The story behind one of Karate’s most famous kata

The Gekisai kata of Goju-Ryu Karate are among of the most familiar forms in martial arts – even if you’ve never heard of Gekisai or Goju-Ryu, you’ve probably seen these forms in practice. Behind these kata is a storied history.

Following a meeting of Okinawan karate masters in 1936, it was decided there was a need to standardise karate to make it easier to propagate and spread the practice of karate and form a curriculum that could be taught in schools.

A karate master, Anko Itosu, had already put together a series of kata to teach karate to school children. The five kata he developed were called the Pinan kata (平安形 – peaceful forms). Read more about the use of kata here.

Two of karate’s foremost teachers, Shoshin Nagamine Sensei (founder of Matsubayashi Ryu) and Chojun Miyagi Sensei (founder of Goju Ryu) formulated the Fukyu Kata (普及形 – to spread or to make popular form) based on Itosu Sensei’s Pinan Kata. It was the second of the Fukyu Kata that Miyagi Sensei renamed Gekisai Dai Ichi.

The Gekisai kata are taught as the first kata in the Goju Ryu Karate syllabus. They were created by Chojun Miyagi Sensei in 1940 as a way of introducing the basic karate forms to a wider audience.

Goju-Ryu Gekisai kata

Miyagi Sensei was aware that the usual method of learning karate began with the intensive study of Sanchin kata. This entailed very demanding repetitions of that form. This usually discouraged beginners, causing them to stop training.

But Miyagi Sensei wanted to increase the popularity of karate. He endeavored to find a way of opening up the training to all, regardless of age or physical condition. To do this, he saw the need for transition kata prior to the usual Sanchin training that would be possible for anyone to accomplish.

The names for the two new kata were Gekisai dai ichi, and Gekisai dai ni.  (Literally Geksai number one and Gekisai number two.)

The characters that form the name of the kata are:

  • 撃 – Geki – meaning “to attack”
  • 砕 – Sai – meaning “to smash, break, crush”

Together the two characters translate as “to pulverise”, but the most commonly used translation is “to attack and destroy”. The name chosen for these new kata should be seen against the background of the time in which the kata were formulated.

Japan was already at war with China, and Japanese entry into World War Two was looming. The aggressive name may well have been used to influence the youth preparing them for what experiences were to come.

Gekisai kata in modern practice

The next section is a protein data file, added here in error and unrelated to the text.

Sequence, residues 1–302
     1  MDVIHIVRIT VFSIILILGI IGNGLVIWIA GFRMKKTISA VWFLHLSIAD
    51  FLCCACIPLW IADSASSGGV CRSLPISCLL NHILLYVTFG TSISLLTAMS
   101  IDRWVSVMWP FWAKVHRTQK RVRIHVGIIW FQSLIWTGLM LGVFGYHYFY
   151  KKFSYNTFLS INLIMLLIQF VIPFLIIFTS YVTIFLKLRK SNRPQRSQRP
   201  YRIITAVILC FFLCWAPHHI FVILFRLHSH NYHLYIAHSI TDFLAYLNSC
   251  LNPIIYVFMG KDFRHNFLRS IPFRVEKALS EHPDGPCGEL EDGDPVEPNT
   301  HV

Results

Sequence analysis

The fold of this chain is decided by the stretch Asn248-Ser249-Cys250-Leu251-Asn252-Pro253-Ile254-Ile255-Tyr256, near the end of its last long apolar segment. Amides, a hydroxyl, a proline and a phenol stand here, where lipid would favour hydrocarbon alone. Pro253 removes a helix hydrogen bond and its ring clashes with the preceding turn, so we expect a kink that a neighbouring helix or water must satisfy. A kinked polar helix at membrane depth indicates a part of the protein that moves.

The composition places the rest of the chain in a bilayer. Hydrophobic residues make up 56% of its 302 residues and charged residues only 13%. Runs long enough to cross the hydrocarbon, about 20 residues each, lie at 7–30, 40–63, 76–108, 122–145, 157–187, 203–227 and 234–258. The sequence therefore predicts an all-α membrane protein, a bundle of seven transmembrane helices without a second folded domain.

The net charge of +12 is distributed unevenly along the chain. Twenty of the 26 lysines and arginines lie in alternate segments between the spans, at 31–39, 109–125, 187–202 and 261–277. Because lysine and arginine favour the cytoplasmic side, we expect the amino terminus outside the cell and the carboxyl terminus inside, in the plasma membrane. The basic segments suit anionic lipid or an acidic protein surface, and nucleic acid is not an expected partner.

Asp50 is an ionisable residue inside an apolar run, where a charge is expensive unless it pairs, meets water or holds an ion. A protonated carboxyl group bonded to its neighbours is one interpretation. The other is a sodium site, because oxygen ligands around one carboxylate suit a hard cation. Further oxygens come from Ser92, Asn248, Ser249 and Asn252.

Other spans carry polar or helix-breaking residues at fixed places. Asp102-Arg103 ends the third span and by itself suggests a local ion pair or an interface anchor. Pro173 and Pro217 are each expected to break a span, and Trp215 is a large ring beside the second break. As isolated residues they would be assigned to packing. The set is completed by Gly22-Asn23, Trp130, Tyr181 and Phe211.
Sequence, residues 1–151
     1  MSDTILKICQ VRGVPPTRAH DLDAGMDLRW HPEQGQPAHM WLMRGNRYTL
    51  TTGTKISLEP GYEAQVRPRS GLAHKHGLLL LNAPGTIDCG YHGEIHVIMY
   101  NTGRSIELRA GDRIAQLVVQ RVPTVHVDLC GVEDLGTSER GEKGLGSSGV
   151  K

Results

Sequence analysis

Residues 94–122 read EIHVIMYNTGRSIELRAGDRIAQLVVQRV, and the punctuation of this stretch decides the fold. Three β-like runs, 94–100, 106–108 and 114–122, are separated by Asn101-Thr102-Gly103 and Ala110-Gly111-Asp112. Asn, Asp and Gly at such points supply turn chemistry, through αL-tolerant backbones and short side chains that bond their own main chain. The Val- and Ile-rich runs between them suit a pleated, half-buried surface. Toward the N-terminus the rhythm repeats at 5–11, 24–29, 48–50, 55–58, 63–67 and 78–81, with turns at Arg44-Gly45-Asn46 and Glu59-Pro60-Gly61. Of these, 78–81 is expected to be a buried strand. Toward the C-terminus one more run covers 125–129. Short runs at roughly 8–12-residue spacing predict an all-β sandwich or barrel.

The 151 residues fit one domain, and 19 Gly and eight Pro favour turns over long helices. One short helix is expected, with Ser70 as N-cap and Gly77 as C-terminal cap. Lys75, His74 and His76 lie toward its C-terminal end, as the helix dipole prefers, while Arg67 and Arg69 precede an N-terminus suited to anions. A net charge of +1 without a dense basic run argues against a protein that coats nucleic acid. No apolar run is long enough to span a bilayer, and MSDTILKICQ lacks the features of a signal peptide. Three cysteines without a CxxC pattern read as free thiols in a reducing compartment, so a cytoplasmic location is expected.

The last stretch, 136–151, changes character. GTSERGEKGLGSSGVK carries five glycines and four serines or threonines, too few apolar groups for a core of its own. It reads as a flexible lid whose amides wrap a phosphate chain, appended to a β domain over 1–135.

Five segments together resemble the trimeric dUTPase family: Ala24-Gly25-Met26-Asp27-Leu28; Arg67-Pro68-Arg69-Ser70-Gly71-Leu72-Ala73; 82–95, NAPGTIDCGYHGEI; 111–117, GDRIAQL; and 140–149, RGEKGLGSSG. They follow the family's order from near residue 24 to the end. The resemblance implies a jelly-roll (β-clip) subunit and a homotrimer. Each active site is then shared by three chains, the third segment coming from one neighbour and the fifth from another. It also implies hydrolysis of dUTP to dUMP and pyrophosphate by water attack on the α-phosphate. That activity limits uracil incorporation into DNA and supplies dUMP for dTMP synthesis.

The Gekisai kata are unusual in that they are the only Goju Ryu Kata that contain Jodan Uke (upper-level blocks). The reason for this is thought to be that in the kata development. These techniques are aimed upwards, they would be best used as a response to an attack by someone taller. At that time, it was taken for granted that most westerners would have been taller than the Japanese.

Originally, the punches following the upper-level blocks were directed above the head of the person performing the kata. This mimicked attacking the face of a larger opponent. Nowadays, the punch is performed at normal head level or to the stomach area.

Another difference in these kata is also likely to have been inspired by the probability of war. Unlike all the existing kata as practiced in Goju Ryu, the new kata end with taking a step forward. It is said that Miyagi Sensei felt that this would portray the feeling of moving forward (possibly with a notion of advancement on the enemy).

Following the death of Chojun Miyagi Sensei in 1953, four main schools teaching Goju Ryu emerged.

These schools were the Meibukan (the House of the pure-minded warrior) founded by Meitoku Yagi; the Jundokan (House in which we follow in the master’s footsteps) founded by Eiichi Miyazato; the Shoreikan (House of politeness and respect) founded by Seikichi Toguchi and the Goju Kai (Goju association) founded by Gogen Yamaguchi.

Depending on how the founders of these schools were taught by Miyagi Sensei, or how they thought the future development of Goju Ryu could best be served, differing ways of performing the kata were passed on to the practitioners of their schools. That is why there are now two ways of performing Gekisai Kata.

The version of Gekisai Dai Ichi seen in the following video is as practiced by the followers of Gogen Yamaguchi Sensei and Meitoku Yagi Sensei:


At MaArtial, we believe the history and philosophy of the martial arts are important to help gently increase the interest and desire to start training.

This article explores the kata of one type of Karate but is applicable to general, traditional martial arts thinking and evolution. The main goal is to ask “why, how, what, when?” to an open-minded instructor.

As Jim says, “everything in Karate should be done for a reason.”

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Ilustration by Darina Achremenková

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